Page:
No one can have God for a Father without having the Church for a Mother. –St. Cyprian of Carthage (who suffered martyrdom 1,761 years and two days ago.)
On the occasion of my first-ever trip to Venice, Italy, I read T. Adolphus Trollope’s book about the year-long period when Pope Paul V forbad the celebration of the sacraments in the city and territories of the Venetian Republic. Over 400 years ago.
In his book about the controversy, Trollope makes an assumption that many of our contemporaries also make. Namely, that Church authority inevitably operates in an ultimately malevolent manner. True religion must mean absolute personal freedom in relating to God.
Trollope makes Father Paul Sarpi the hero of his tale, since Sarpi stood up to the unreasonable pope. But Trollope faults Sarpi for missing the full significance of his own heroism, since Sarpi refused to join the Protestants. Instead, Sarpi lived out his days as a steady Catholic priest.
Even after the pope apparently tried to have Sarpi assassinated. The assassin ambushed Sarpi on a Venetian bridge and stabbed the priest in the ear. As he bled, Sarpi joked, “I recognize the style of the Roman Curia.” In the Latin he used, style was a play on words, since it meant both ‘style’ and ‘dagger.’ He survived the attack.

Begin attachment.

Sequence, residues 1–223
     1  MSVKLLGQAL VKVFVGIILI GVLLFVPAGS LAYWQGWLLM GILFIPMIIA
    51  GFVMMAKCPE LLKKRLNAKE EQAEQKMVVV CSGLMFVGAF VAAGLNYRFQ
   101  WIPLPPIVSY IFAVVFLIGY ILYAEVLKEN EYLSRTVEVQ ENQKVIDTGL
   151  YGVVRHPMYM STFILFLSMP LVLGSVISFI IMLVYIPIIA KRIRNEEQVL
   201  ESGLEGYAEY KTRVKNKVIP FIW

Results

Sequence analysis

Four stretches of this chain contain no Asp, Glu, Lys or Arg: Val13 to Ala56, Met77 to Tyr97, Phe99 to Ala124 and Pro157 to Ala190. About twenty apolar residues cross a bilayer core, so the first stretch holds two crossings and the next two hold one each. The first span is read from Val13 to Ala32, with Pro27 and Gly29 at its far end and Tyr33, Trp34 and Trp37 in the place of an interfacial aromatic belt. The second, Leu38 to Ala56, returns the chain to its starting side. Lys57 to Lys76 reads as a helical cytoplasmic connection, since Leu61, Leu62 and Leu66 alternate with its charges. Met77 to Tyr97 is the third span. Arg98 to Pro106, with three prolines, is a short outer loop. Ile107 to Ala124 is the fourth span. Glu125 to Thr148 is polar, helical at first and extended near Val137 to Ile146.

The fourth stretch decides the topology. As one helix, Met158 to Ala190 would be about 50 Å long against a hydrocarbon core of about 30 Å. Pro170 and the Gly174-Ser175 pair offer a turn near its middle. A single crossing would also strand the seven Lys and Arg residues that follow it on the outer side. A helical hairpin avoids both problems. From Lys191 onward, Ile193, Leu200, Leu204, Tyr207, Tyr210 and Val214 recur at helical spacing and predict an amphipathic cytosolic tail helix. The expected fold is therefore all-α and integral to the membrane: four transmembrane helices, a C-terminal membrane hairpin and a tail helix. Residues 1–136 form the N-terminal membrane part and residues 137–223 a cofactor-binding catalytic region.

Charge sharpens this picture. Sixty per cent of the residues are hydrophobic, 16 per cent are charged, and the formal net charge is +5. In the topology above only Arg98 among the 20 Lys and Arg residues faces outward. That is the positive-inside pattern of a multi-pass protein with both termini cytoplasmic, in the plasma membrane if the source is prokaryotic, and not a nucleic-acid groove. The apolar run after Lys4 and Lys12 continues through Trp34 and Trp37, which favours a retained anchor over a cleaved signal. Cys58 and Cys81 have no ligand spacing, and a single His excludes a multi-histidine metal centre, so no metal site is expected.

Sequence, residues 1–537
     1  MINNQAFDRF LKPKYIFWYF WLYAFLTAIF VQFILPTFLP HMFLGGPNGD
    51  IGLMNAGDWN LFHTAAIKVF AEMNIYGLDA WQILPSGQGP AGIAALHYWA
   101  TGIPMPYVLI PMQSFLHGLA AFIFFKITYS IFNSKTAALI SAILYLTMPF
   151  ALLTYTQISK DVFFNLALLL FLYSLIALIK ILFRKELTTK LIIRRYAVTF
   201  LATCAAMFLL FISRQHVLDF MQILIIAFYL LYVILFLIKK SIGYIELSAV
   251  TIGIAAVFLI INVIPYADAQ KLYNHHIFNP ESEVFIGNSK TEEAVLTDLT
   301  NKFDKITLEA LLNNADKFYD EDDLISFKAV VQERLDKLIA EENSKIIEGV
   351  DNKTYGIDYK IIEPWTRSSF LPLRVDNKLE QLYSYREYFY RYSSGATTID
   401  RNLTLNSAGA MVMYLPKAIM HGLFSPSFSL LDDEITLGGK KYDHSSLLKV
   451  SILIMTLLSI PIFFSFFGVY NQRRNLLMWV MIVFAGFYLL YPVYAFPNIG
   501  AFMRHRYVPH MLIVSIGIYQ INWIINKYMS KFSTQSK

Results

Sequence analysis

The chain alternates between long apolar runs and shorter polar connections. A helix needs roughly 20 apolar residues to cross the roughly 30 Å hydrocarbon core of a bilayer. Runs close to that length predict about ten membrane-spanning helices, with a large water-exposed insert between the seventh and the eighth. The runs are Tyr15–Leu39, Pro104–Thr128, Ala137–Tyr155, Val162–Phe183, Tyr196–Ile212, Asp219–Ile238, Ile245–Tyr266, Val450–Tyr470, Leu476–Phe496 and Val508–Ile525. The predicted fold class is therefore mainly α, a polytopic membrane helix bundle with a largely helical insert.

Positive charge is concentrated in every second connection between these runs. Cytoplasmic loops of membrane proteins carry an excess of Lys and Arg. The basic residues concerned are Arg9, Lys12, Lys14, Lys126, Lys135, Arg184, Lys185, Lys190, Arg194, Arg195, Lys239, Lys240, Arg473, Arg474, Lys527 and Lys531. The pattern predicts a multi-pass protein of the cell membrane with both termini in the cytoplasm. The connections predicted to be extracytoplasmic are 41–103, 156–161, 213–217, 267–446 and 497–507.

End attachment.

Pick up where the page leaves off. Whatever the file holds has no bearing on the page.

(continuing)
…We invoke St. Cyprian by name in the ancient canon of the Roman-rite Mass, which Father Sarpi prayed every day. It occurred to me yesterday while I was saying Mass: if we didn’t have the Church for a mother, we wouldn’t know how to pray.
I don’t mean that in a theoretical sense. I mean: I literally would not know what to say while standing at the altar, to bring about the consecration. I know what to say because I read the words that Holy Mother Church prescribes, in the Missal.
Se we rely completely on Mother Church for the very words of the Mass. And the Mass expresses and exercises our Christian faith in a way that nothing else ever could. Plus, the Mass unites us and makes us Christ’s Church. We celebrate it out of simple obedience to Him. Do this in memory of Me.
You can’t have a Mass without some kind of ‘Church authority.’ A Mass needs a priest to preside, to stand at the altar in Christ’s place. The priest is automatically in charge, for good or ill. There’s no changing that.
So, yes: Priests, bishops, even popes abuse our authority sometimes, if not frequently. But absolute personal freedom in religion doesn’t work, either. It just leaves a soul isolated and clueless.
St. Cyprian was right: To have God as a Father, we need the Church for a Mother.